Abject Humanism in Tom Perrotta Adaptations: 'Election' and 'Little Children'

Wyatt Moss-Wellington

Abstract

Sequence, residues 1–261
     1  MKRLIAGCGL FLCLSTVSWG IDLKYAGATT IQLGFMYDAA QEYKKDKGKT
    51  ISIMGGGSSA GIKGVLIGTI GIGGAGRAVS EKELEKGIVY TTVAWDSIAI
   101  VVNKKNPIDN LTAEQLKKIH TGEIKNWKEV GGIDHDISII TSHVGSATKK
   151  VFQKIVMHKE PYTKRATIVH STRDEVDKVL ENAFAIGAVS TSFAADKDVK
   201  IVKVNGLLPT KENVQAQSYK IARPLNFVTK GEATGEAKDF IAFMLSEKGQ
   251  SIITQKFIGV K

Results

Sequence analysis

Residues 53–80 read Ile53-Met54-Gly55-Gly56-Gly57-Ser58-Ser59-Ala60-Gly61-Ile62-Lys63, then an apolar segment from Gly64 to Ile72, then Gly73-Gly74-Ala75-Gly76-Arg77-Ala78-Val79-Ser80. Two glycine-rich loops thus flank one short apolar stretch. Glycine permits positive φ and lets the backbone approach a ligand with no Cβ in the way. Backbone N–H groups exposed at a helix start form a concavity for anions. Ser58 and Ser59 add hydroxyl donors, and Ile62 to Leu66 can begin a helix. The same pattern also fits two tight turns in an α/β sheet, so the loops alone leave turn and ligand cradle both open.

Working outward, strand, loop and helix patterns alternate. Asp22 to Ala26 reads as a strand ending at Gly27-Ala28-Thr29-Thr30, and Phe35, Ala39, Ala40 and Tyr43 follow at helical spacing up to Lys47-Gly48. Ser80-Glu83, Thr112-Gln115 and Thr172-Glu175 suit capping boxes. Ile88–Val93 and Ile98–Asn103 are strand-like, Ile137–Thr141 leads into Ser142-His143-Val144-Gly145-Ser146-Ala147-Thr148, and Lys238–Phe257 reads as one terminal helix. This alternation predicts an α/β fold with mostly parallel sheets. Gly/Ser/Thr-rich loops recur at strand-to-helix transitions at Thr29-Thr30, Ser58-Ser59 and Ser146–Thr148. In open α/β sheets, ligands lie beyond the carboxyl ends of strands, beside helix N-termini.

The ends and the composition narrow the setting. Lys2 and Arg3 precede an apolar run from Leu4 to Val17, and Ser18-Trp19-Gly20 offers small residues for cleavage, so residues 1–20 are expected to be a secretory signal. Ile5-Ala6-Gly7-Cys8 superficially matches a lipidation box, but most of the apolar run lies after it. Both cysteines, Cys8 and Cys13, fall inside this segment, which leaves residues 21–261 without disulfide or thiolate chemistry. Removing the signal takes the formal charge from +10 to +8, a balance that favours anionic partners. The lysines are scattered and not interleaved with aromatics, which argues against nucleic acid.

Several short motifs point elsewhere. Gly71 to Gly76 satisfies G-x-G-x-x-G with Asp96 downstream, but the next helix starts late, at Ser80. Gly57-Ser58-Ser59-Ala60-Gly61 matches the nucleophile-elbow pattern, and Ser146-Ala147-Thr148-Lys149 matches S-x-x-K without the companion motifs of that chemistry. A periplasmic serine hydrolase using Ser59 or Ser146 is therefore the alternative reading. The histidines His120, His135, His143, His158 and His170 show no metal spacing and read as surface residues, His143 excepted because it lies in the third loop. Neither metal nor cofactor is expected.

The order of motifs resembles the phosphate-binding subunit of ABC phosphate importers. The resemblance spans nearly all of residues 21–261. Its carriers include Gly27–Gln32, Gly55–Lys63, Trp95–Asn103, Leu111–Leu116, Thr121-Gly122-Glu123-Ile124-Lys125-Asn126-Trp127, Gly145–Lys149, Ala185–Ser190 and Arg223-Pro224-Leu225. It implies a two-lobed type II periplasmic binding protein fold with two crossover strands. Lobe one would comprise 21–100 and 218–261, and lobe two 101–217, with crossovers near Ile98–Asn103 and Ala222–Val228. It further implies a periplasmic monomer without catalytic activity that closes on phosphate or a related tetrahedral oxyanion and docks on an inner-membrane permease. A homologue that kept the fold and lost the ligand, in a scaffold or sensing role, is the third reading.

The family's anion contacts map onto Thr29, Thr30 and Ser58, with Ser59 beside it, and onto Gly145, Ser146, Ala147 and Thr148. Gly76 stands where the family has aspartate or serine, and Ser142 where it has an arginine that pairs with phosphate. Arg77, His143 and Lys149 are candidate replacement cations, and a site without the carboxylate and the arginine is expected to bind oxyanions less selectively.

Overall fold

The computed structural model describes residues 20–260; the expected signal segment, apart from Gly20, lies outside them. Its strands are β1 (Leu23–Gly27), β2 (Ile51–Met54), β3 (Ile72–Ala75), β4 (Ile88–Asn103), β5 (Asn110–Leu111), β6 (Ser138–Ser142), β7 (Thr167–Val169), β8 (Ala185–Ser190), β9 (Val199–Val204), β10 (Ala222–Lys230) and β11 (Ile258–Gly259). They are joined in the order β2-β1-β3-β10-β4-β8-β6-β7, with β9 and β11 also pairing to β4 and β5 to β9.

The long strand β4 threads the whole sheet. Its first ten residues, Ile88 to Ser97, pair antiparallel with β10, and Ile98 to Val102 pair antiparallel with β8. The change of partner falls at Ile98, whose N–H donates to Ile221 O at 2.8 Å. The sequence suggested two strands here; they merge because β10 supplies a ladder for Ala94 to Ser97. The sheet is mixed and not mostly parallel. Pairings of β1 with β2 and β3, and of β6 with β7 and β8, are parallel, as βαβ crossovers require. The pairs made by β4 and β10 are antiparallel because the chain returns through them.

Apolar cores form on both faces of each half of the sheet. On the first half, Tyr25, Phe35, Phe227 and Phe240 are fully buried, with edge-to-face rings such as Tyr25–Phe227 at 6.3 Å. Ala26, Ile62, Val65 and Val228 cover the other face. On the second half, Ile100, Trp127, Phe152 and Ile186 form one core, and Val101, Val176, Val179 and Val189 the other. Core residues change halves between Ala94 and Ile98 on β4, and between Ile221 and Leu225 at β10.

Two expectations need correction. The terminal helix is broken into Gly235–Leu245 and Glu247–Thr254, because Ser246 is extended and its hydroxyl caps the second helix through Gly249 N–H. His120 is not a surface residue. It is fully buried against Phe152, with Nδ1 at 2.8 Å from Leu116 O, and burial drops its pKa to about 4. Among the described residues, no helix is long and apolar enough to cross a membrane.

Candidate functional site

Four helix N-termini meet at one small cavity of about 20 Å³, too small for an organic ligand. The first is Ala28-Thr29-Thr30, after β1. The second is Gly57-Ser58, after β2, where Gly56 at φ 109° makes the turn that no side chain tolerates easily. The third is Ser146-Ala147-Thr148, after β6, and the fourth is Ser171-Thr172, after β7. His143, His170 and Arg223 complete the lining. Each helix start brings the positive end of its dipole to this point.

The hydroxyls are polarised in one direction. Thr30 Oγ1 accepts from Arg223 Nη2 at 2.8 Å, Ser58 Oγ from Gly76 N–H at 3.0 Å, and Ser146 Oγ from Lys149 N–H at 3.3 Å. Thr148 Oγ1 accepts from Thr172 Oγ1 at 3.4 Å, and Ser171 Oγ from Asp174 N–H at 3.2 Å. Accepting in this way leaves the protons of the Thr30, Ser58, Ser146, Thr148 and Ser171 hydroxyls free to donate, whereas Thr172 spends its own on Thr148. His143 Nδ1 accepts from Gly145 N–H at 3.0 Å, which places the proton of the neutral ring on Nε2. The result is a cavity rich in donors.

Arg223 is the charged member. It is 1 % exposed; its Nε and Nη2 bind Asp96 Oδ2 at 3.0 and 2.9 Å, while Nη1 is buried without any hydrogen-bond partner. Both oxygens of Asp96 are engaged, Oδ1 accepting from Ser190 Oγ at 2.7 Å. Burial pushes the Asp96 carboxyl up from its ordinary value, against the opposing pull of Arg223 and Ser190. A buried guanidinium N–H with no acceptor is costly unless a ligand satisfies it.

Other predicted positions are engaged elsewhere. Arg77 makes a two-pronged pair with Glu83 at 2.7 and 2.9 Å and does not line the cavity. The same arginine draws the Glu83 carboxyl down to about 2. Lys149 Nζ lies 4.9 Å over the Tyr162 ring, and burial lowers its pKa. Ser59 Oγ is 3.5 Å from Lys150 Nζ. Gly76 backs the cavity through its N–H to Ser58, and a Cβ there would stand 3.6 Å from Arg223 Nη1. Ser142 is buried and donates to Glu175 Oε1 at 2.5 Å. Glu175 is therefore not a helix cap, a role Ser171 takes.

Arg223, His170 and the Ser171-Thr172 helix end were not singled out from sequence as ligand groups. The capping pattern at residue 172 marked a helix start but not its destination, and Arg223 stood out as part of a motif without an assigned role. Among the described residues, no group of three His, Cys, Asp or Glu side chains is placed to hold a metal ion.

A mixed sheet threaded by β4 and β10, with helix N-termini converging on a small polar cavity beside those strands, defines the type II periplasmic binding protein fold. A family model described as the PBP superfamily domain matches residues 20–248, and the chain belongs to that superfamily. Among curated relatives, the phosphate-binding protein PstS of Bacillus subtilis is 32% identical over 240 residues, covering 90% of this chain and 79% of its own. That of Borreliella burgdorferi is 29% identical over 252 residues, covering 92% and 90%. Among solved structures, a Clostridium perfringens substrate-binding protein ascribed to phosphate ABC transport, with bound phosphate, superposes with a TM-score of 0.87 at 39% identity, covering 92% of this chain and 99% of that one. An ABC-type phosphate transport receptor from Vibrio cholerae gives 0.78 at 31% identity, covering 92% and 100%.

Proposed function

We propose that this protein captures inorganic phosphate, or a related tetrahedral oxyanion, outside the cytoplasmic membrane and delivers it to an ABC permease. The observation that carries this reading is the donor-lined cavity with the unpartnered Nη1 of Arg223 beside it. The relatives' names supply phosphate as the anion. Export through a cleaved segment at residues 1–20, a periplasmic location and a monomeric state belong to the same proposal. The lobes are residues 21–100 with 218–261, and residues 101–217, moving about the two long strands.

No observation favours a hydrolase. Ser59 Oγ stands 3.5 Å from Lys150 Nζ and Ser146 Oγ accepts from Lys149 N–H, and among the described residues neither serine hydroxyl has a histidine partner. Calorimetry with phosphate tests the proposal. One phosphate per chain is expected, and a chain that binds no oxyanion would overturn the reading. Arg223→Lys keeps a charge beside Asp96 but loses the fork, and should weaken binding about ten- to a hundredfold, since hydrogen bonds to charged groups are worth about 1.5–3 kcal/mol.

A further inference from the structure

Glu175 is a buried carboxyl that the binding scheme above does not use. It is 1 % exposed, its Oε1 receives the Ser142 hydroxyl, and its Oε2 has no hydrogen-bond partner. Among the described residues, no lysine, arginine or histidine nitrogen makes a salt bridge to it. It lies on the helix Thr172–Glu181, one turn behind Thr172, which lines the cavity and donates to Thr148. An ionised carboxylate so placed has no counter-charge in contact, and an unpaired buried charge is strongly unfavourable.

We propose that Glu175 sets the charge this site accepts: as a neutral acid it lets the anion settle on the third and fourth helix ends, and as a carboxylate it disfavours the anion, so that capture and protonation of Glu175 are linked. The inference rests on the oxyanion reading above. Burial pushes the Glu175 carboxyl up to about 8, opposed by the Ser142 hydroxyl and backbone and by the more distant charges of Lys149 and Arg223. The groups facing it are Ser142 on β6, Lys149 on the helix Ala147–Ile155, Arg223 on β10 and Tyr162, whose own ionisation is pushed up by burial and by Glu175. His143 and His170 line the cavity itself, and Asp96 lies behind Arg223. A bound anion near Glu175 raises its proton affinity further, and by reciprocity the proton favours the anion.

In ‘Literary Theory’, Terry Eagleton disparaged humanism as ‘a suburban moral ideology’. Humanist hermeneutics have often been criticized as politically impotent or lightweight owing to an emphasis on human kindness rather than systems of power and exploitation, yet close scrutiny of films labeled as humanistic or human drama reveals deep concern with antisocial behaviors, group politics, and the political consequences of our attempts to identify and ostracize transgressors. This paper uses adaptations of Tom Perrotta’s novels ‘Election’ and ‘Little Children’ to articulate a concept of abject humanism, asking how we can acknowledge negative affect and maleficence without becoming convinced that they are representative of all human experience. In turn, Perrotta’s works depict the problems we encounter when we do not admit darkness in our lives; they take us to the brink of human cruelty in American suburbia, and then see what is salvageable.

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